Each year, 275 scientists and representatives of society gather around a dinner party to celebrate the role of science in society. Two prizes will be awarded during the Science and Society Evening, one for excellence in scientific communication (the Iris Medal, won last year by Marion Koopmans) and one for the most relevant research for society (the Huibregtsen Prize ). I still fervently hope for an invitation, because it is an inspiring evening. You will be informed about current scientific research by 25 top scientists. Luckily, the invite landed in my digital mailbox last week. I rushed to sign up, but got stuck halfway through entering my personal information. “We offer a vegetarian menu. If you nevertheless like meat or fish, you can indicate it here.
I’m a vegetarian who sometimes eats fish outside the house, but now I’ve experienced that I would place a burden on the organization if I wanted something more “nevertheless”. I called my sister, who is not a vegetarian, to find out if she was invited. She too would go, and she, like me, had lingered on this question. She, like me, had decided that she didn’t want to make an exception that night by asking for meat anyway.
The wording marks a change: the exception (vegetarian) has become the norm and eating meat or fish is becoming a conscious act. I could agree with the choice of the organization to approach it differently. The years I was there, people with dietary needs had a drink on the table with marbles in it. This resulted in a whole palette of colors: blue (meat-free), green (vegan), yellow (lactose-free), purple (gluten-free) etc. I’ve always stared at those glasses; some people really had a lot of marbles, it was intimate, a matter of intimacy: oh look, this teacher has a gluten allergy! It also distracted me because all those marbles kept me busy with the logistics and the staff that had to take so many colors into account. However, what struck me every year: vegetarians were in the minority. The choice to make vegetarianism the norm is therefore not a practical choice, but a moral one.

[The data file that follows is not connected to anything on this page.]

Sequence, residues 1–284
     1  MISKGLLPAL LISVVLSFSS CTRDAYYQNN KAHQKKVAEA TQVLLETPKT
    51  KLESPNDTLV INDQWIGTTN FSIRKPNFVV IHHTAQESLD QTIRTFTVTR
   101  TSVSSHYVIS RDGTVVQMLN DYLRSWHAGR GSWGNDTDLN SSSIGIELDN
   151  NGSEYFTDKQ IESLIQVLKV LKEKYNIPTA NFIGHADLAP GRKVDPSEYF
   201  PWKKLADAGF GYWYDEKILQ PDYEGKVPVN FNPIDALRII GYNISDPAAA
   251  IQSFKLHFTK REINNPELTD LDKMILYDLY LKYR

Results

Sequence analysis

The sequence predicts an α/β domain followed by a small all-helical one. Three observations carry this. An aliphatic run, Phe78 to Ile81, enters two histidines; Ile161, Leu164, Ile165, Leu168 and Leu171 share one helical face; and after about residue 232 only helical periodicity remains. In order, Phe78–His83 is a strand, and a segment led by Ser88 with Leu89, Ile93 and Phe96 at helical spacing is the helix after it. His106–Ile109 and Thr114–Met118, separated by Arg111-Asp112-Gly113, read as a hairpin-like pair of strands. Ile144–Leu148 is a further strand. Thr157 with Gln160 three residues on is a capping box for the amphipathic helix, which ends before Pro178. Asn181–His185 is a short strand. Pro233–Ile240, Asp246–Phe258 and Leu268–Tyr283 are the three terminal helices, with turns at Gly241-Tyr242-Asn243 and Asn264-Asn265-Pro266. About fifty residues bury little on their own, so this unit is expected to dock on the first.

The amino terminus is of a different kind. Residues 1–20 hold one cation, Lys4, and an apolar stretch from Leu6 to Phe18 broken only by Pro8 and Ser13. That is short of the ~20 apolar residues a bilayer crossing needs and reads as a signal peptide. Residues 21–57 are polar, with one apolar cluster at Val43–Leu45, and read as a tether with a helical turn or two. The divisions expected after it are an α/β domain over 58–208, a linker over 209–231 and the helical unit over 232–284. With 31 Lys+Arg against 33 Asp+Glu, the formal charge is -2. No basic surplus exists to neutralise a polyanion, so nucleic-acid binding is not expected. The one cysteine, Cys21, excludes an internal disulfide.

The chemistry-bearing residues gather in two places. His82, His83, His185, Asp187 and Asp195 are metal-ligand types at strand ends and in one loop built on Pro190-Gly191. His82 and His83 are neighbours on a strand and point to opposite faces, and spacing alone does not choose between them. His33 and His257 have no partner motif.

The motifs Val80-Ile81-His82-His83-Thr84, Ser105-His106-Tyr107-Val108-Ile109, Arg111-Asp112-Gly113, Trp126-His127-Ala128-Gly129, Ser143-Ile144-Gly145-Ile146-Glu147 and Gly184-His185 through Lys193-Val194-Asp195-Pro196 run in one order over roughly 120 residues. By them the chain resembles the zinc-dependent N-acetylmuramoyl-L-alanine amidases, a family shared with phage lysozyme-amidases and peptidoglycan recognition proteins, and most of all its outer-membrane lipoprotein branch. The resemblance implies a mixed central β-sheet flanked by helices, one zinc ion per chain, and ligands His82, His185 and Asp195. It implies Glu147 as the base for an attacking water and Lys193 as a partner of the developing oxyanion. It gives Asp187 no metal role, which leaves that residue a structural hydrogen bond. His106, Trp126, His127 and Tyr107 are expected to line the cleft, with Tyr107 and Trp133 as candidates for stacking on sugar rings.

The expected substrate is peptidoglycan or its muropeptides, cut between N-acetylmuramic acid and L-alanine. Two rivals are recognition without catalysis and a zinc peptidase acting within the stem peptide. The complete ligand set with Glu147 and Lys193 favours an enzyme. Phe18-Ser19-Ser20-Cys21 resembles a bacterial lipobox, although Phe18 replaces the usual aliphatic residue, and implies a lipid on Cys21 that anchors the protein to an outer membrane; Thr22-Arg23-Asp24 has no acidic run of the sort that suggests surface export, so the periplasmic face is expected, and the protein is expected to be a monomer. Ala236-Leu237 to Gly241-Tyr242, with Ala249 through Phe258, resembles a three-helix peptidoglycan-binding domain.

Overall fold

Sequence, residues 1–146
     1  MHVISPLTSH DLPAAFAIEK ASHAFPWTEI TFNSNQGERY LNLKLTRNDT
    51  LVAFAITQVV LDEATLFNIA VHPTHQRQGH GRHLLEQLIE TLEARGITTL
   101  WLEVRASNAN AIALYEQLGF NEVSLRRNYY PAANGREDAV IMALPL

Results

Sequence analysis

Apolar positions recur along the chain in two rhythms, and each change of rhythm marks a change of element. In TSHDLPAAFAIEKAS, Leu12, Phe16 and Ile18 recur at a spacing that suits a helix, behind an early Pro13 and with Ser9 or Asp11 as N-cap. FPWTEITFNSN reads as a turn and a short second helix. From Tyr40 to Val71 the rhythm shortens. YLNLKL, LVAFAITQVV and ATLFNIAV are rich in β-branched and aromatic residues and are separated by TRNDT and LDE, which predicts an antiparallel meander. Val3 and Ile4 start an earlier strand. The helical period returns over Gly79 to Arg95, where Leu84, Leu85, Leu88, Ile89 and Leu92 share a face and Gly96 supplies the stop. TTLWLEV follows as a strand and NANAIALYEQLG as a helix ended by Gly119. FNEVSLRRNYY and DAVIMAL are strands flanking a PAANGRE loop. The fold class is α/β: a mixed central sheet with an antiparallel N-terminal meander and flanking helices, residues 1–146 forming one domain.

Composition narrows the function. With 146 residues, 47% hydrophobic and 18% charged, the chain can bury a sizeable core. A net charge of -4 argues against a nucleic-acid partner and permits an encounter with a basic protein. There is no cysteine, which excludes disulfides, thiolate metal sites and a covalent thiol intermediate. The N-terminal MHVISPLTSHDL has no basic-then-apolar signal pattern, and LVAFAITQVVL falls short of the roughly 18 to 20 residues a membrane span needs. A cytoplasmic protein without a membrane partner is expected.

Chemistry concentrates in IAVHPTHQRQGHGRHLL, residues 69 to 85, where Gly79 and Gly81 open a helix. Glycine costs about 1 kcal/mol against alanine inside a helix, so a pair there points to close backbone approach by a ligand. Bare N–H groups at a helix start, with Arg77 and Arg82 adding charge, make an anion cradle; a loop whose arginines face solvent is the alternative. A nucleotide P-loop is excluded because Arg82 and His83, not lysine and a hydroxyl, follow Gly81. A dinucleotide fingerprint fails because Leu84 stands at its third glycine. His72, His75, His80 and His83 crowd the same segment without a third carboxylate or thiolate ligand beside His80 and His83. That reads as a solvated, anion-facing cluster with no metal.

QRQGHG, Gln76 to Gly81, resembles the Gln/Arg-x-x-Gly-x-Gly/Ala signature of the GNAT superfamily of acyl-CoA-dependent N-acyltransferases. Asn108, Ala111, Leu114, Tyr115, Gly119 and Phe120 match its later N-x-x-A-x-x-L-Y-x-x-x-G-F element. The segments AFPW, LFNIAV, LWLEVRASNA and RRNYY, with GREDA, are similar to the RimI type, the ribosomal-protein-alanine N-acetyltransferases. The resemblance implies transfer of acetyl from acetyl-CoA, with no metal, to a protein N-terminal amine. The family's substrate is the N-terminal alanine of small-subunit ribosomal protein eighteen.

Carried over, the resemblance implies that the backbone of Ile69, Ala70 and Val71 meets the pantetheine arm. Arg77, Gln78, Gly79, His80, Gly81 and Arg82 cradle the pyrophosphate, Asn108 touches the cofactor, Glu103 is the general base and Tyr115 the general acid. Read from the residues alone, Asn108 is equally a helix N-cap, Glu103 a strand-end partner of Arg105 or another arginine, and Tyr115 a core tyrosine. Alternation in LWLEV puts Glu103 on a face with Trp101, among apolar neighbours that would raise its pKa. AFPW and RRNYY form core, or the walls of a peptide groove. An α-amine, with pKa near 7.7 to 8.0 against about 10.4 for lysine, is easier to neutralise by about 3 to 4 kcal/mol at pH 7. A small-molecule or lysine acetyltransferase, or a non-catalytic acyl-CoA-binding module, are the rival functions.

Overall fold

In his recently published book Sensitive. Beyond the limits of human sensibility German philosopher Svenja Flasspö̈hler reflects on the rise in dietary requirements and allergies. According to her, we live in a hypersensitive society where the special prevails more and more over the universal. She wonders since when we became so sensitive. Ignoring a person’s idiosyncrasies – from dietary requirements to forms of address – can quickly lead to serious injury these days. Why have we become so sensitive and why do we want to communicate allergies so clearly? Is it a reaction to something? And where is the tipping point: when will you have an unlivable society? Are we still one community?
“A brief example of this crisis of the general is the ritual of the shared meal, which is hardly possible if everyone at the table has a certain sensitivity. Are there nuts in lettuce? Unfortunately, I’m allergic to it. Meat? I am vegetarian. No fruit from your region? An ecologically shameful thing, which I do not support. The greater the awareness, the greater the likelihood that everyone will eat and be left alone,” says Flasspöhler. She notes that sensitivity is not necessarily synonymous with progressiveness. Sensitivity can turn into regression and aggression when it is made absolute and glorified. Flasspöhler argues for equating sensitivity with resilience, in order to maintain community cohesion. This means: don’t always give your peculiarity the leading role. Applied to dinner: role reversal makes you aware of the norm previously taken for granted. As a fish or meat eater, you are now the special, and it is good not to emphasize that.
Nevertheless, a personal wink: last week I gloriously joined the hypersensitive society. I did a thorough allergy test and was rewarded with no less than five allergies. One of them is perfume. I have passionately set out to make my living environment fragrance-free. I will be there, without balls of meat or fish, at dinner. I would like to ask my possible table companions not to wear cologne or perfume that evening.
Stine Jensen is a philosopher and writer. She writes a column here every two weeks.
A version of this article also appeared in the July 1, 2022 newspaper
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